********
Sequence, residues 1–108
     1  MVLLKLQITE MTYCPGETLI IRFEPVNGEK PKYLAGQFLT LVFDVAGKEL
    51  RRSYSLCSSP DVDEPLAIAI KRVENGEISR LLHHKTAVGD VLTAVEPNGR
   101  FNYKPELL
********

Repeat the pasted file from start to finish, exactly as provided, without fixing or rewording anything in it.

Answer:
Sequence, residues 1–108
     1  MVLLKLQITE MTYCPGETLI IRFEPVNGEK PKYLAGQFLT LVFDVAGKEL
    51  RRSYSLCSSP DVDEPLAIAI KRVENGEISR LLHHKTAVGD VLTAVEPNGR
   101  FNYKPELL